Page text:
Nowhere is the new permissiveness of the late 1960s and early 1970s more freely expressed than at the counterculture art fair and large open-air rock concert, where toplessness, bottomlessness, nudity and even public sex go unchallenged. These members of the Woodstock Nation span all ages, and their tendency to endorse the sexual revolution also contributes to their naturalism. They range from the girl in the apartment next door, who doffs her top at a secluded pond Upstate, to hippies and biker chicks at rock music festivals.
   But women in general are reluctant to follow their lead at the beach or the pool. Outside of nudist enclaves on Fire Island and the more secluded areas of the California coast among friends, topless or nude sunbathers are bushwhacked by police in the wild, and self-censored in family media. Sports Illustrated's Annual Swimsuit issues start featuring models that are topless after 1983, but these beauties always face away from the camera or hold their hands over their breasts. The fashion magazine Vogue does little more, although it occasionally offers a frank expression.
   Meanwhile, on the beaches of France, the maillot rolldown (aka maillot de roulè), in which a maillot is rolled down to topless, emerges at a competitor to the topless bikini.
   Finally, in 1992 the Topfree Seven women in New York emerge victorious in a protracted legal battle to go topless in New York, when the state Supreme Court rules women have equal rights in the matter. But even in New York, topless matures slowly, largely because men can't handle it. Those who do, like their already topless European counterparts, often opt for the most minimal bikini, the topless tanga or g-string (1995-2000).

The Dichotomy of Open-up Cover-up
   Reductionism as a trend of the 1960s and 1970s invokes exposures quite varied from the flagrant stripping to expose more flesh area, the so-called string bikini vector. Reduction also includes exposures of considerable less flesh, except that the flesh that is covered is more thinly veiled. This peek-a-boo look is accomplished with a variety of new materials: fishnet, crochet, see-through, chain mail, and Spandex. "No cover, No Minimum" titles Playboy. "The No-Bra Look," says Life.
   Fashion magazines like Vogue and Bazaar herald these diversions more in the vein of art-fashion than the beach, as designers Andre Correges and Paco Rabanne rush to introduce loose-fitting plastic chain-mail camisoles, bras, halters, and bandeaux that encourage glimpses of the anatomy underneath (fig. 23-6, RS69). In the movies, Fellini's costume designers for Satyricon posture the metallic cutout bra (SY6910) as a costume of Roman times.
   In truth, a lot more crochet bikinis are sold than are ever worn to the beach. What does migrate from the pages of the popular press into reality is a more casual display of the breast. The 1960s evolves a propensity to bralessness and a free-moving breast inside the shirt. Skirts that are looser-fitting invite nipple peeks down armholes and shirt-tops. The fashion fringe then discovers see-through and transparent blouses. Allegedly invented by Rudi Gernreich, the inventor of the topless maillot, the more covered see-through blouse allows the full figure to be viewed through the gauze of material (fig. 23-5). The see-through is not a look for the timid. Translucency--somewhere between opaque and the Emperor's New Clothes--allows the body to be covered, yet completely exposed. Ironically, the transparent and semi-transparent blouse is a more public garment than the bikini and because it is more covered-up overall, it can be less covered.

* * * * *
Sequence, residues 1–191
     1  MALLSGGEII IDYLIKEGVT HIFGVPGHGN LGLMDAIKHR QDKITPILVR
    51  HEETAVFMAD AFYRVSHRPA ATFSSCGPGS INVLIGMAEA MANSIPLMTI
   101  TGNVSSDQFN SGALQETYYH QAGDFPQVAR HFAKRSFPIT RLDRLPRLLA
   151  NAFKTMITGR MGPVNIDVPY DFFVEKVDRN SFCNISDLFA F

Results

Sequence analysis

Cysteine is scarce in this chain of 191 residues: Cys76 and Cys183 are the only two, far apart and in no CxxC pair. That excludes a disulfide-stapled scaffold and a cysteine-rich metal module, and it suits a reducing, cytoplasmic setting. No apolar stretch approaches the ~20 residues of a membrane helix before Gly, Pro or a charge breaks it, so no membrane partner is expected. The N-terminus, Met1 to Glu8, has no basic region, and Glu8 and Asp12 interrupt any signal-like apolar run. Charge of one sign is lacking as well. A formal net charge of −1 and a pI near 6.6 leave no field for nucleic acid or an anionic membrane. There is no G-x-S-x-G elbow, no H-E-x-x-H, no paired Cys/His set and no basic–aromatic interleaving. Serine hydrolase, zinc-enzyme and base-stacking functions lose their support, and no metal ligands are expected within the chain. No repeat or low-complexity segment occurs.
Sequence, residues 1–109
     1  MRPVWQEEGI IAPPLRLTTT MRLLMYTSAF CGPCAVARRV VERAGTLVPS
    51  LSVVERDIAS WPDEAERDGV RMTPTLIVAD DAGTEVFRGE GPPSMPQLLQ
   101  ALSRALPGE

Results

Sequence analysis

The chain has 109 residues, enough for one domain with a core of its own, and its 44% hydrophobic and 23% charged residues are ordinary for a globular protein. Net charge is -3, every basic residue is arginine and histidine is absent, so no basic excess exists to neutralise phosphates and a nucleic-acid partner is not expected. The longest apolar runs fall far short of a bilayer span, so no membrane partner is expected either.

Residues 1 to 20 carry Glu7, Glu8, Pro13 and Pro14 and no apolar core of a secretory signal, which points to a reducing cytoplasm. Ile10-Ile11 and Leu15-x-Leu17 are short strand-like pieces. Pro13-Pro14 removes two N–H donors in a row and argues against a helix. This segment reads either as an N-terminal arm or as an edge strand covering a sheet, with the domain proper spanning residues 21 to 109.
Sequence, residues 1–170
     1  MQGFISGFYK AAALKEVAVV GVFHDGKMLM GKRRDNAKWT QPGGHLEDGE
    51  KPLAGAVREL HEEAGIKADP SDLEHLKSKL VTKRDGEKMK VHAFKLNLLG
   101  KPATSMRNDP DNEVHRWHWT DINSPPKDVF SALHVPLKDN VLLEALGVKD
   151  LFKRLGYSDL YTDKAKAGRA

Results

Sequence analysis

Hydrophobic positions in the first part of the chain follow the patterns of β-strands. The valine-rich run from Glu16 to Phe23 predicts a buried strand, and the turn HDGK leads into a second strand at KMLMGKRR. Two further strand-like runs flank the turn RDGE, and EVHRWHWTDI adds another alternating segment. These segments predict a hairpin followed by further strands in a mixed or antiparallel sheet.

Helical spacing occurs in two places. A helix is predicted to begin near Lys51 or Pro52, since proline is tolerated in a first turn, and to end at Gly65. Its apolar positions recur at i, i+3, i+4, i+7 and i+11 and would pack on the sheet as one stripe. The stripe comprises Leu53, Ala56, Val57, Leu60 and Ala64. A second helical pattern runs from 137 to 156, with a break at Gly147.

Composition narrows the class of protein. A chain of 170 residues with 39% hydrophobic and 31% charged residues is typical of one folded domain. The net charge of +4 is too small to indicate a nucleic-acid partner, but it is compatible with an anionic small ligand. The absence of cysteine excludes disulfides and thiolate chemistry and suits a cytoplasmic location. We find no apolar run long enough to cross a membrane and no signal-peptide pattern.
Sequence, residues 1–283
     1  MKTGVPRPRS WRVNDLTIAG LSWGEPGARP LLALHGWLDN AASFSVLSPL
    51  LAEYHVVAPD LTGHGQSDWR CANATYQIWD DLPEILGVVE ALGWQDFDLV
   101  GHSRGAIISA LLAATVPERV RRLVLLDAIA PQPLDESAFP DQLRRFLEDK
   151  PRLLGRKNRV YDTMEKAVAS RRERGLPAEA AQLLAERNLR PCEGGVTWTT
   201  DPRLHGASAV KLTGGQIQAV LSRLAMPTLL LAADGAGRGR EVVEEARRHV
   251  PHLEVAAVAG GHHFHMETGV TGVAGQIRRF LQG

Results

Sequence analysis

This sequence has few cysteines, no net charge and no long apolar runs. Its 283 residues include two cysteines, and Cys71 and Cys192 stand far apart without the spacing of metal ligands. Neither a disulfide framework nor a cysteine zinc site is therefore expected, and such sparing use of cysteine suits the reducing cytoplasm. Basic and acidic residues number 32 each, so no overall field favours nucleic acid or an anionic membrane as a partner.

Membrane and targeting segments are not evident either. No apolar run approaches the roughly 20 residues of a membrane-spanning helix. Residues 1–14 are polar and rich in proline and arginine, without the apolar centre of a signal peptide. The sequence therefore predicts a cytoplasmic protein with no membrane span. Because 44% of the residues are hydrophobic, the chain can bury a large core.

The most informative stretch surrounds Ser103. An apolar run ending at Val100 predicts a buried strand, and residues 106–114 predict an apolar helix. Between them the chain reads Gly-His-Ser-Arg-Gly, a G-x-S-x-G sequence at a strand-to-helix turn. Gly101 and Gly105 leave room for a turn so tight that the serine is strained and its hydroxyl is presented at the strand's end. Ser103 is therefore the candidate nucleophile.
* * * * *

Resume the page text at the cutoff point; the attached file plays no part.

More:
Another manifestation of the open-up/cover-up dichotomy are swimsuits that expose the absolute maximum amount of belly, but cover up the rest of the body, including the chest, legs and arms, and which have high necks, hoods, and long sleeves (VG7110) or pantaloons (VG6710).
Natives in the modern world.
   1966--AIP makes the last variations on the beach party movie, The Ghost in the Invisible Bikini. And they introduce a Vincent Price twist on the format with Dr. Goldfoot and the Bikini Machine and Dr. Goldfoot and the Girl Bombs. Woody Allen spoofs James Bond and reviews a line of bosomy and bare-bellied bikini-clad beauties in Casino Royale.
   1966--Bruce Brown's independent movie Endless Summer documents the experience of surfing.
   1966--Raquel Welch dons "the first bikini" in One Million Years B.C.
   1966--Jane Fonda appears topless in Playboy.
   1966--Edward Albee's Who's Afraid of Virginia Woolf brings adult content and profanity to the silver screen.
   1966--Jane Birkin and Gillian Hills display full frontal female nudity in a romp in Blow Up. It is the first pubic hair in the post-Hays Code cinema.
   1966--Viven Merchant explores abortion in the movie Alfie.
   1966--Masters and Johnson publish Human Sexual Response.
   1966--First pornographic film loop peeps are introduced in Times Square. The images include dancing girls with bare breasts and uncovered pubic hair.
   1967--In France Roland Barthes publishes The Fashion System, a seminal work in bikiniology.